The world the author has created is an intriguingly odd mash up of Victorian era dress and manners, present day technology, and scifi genetic matching and it is explicated through snippets of history at the start of chapters. I found the role of genetics, which is somehow under the purview of the Church, to be a little confusing and it was never entirely clear to me what connection Helena’s mother had with all of this.

Nonetheless, the author’s three lead characters are very well-crafted and it is their story and the unexpected ways in which their relationships develop that form the beating heart of the novel and while the setting is smart it takes a backseat to that. While I spent most of the novel assuming it was going to be a series because of the leisurely pace, a surprisingly quick and complete wrap-up suggests otherwise though I actually wouldn’t mind a sequel.

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They Both Die at the End by Adam Silvera

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They Both Die at the End by Adam Silvera
HarperTeen, 2017.

This magnificent and haunting YA novel is set in an alternate present day New York in which Death-Cast alerts you on the day you are to die.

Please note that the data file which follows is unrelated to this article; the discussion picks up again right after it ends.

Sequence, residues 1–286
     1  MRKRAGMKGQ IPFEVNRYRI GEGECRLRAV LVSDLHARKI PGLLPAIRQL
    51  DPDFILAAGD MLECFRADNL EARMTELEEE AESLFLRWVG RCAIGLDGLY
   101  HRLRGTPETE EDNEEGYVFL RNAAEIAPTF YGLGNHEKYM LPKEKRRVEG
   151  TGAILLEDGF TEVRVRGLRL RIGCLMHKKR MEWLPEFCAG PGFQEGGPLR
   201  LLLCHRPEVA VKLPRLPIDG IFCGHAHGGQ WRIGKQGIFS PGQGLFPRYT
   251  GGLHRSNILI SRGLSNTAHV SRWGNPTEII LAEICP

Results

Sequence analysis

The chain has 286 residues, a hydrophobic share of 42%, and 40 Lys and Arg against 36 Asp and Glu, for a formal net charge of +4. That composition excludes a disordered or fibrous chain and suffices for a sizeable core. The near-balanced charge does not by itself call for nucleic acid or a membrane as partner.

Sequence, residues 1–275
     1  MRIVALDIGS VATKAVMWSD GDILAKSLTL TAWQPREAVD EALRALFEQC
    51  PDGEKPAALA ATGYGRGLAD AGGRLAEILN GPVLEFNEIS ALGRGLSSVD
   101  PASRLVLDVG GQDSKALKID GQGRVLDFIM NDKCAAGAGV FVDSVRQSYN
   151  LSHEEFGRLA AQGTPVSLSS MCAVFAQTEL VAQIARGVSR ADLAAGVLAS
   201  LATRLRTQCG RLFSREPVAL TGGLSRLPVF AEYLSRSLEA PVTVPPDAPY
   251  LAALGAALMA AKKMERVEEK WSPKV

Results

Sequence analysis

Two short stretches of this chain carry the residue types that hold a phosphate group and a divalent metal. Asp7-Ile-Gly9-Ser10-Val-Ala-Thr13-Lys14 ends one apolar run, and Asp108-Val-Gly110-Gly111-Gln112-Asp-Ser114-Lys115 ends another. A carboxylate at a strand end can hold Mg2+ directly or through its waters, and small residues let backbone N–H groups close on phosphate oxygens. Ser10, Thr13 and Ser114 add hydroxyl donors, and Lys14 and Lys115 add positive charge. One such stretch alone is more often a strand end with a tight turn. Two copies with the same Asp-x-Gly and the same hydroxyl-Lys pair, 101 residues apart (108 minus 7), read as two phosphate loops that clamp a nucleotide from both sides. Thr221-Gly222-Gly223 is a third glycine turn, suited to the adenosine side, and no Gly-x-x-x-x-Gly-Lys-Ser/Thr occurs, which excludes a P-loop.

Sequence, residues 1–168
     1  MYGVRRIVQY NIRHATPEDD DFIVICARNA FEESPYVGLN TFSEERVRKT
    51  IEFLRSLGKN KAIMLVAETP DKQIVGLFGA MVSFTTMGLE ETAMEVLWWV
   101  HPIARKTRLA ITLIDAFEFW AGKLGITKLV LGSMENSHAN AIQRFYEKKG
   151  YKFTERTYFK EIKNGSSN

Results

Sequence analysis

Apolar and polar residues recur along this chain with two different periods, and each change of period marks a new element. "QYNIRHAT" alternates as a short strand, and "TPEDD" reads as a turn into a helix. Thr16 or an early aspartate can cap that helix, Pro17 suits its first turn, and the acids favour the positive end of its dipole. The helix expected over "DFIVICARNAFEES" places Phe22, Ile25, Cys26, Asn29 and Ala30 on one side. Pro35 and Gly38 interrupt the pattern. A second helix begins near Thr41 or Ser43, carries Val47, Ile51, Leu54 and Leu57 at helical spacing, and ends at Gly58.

Two teen Latinx boys who have received this call spend their last day together ensuring that they live before they die. Puerto Rican Mateo has been living his life vicariously through video games and online updates of other Deckers, as those who are on their End Day are called, and Cuban American Rufus has felt lost and out of control since he saw the rest of his family die.

They meet through the Last Friend app and movingly support each other as they tie up ends and make peace with themselves. Silvera (More Happy than Not, 2015) has created two wonderful and wonderfully distinct characters and their dual narration is punctuated with short accounts of other people whose lives are, however briefly, touched by these young men.

As the plot drives towards the inevitable end, signaled by the book’s title, this reader for one was hoping for a miracle, and  the potent theme of living without fear and regrets shines through. Tears were shed.